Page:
With this in mind, we're adding some new details to our Transparency Report that we're releasing today.
In addition to this new data, the report shows that we've received 30,138 requests from around the world seeking information about more than 50,585 users/accounts; we provided information in response to 63 percent of those requests. We saw slight increases in the number of requests from governments in Europe (2 percent) and Asia/Pacific (7 percent), and a 22 percent increase in requests from governments in Latin America.
The fight for increased transparency
Sometimes, laws and gag-orders prohibit us from notifying someone that a request for their data has been made. There are some situations where these restrictions make sense, and others not so much. We will fight—sometimes through lengthy court action—for our users' right to know when data requests have been made. We've recently succeeded in a couple of important cases.
First, after years of persistent litigation in which we fought for the right to inform Wikileaks of government requests for their data, we were successful in unsealing court documents relating to these requests. We’re now making those documents available to the public here and here.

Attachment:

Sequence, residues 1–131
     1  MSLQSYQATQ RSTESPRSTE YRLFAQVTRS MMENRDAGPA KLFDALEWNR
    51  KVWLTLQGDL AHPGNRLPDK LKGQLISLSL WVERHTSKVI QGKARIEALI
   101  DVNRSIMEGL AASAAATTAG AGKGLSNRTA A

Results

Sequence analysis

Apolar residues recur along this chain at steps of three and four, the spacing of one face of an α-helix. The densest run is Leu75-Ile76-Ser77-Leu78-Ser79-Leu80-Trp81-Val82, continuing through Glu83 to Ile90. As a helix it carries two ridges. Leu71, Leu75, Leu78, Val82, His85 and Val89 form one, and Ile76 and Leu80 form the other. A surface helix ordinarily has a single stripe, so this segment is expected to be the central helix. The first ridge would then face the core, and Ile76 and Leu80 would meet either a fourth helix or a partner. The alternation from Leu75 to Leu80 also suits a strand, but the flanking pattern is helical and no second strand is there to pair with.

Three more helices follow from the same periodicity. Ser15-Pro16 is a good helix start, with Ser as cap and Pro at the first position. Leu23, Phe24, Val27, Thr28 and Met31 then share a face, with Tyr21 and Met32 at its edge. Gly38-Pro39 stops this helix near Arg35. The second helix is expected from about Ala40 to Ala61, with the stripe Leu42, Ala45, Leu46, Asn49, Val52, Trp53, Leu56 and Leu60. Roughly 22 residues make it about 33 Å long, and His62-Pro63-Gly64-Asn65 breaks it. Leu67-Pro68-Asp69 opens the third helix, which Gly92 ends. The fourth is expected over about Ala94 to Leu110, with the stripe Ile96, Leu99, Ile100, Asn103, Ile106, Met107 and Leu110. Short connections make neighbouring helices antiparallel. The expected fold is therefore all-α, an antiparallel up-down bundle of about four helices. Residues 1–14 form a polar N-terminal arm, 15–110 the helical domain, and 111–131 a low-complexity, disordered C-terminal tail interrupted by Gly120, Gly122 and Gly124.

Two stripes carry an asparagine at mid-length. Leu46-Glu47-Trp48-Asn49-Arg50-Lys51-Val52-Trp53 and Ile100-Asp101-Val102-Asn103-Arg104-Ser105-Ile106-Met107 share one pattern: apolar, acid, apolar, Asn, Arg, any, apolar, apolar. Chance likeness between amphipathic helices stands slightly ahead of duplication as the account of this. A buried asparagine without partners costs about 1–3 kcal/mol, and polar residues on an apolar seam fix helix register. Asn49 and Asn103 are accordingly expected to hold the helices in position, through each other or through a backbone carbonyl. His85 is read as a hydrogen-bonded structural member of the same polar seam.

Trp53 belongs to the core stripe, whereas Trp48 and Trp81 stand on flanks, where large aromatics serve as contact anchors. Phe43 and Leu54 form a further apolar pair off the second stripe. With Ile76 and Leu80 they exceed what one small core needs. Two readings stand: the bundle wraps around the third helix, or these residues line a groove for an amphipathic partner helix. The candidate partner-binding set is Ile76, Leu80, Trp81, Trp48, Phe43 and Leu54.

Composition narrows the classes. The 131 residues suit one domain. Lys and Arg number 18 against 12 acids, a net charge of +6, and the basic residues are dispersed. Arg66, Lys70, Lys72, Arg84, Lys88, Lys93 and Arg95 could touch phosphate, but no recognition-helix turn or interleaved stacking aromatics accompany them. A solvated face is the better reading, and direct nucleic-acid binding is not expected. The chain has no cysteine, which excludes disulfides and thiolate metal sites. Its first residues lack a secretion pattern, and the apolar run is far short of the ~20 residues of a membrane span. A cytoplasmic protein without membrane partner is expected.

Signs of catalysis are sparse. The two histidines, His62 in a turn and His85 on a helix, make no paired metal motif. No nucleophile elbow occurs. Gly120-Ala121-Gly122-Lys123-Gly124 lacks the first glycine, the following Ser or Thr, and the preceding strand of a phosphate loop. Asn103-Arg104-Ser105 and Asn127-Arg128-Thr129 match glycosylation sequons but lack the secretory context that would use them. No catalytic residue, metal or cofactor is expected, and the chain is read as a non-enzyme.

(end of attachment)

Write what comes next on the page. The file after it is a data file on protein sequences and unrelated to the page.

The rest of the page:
Second, we've fought to be more transparent regarding the U.S. government's use of National Security Letters, or NSLs. An NSL is a special type of subpoena for user information that the FBI issues without prior judicial oversight. NSLs can include provisions prohibiting the recipient from disclosing any information about it. Reporters speculated in 2013 that we challenged the constitutionality of NSLs; after years of litigation with the government in several courts across multiple jurisdictions, we can now confirm that we challenged 19 NSLs and fought for our right to disclose this to the public. We also recently won the right to release additional information about those challenges and the documents should be available on the public court dockets soon.
Finally, just yesterday, the U.S. House of Representatives voted 338-88 to pass the USA Freedom Act of 2015. This represents a significant step toward broader surveillance reform, while preserving important national security authorities. Read more on our U.S. Public Policy blog.
Posted by Richard Salgado, Legal Director, Law Enforcement and Information Security